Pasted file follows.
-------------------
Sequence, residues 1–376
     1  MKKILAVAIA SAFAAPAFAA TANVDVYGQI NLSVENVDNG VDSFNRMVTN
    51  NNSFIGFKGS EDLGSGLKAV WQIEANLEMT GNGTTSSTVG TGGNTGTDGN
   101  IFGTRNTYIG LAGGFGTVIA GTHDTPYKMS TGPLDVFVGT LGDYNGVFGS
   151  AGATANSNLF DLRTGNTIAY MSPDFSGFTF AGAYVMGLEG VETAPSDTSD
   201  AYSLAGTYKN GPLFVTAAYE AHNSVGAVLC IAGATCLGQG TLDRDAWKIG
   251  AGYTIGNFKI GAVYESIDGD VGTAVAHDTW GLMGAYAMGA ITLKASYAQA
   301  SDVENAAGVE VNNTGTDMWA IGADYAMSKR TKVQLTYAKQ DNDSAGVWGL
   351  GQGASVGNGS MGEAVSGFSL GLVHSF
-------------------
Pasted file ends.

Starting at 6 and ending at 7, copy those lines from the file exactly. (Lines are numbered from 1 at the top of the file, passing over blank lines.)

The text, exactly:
   201  AYSLAGTYKN GPLFVTAAYE AHNSVGAVLC IAGATCLGQG TLDRDAWKIG
   251  AGYTIGNFKI GAVYESIDGD VGTAVAHDTW GLMGAYAMGA ITLKASYAQA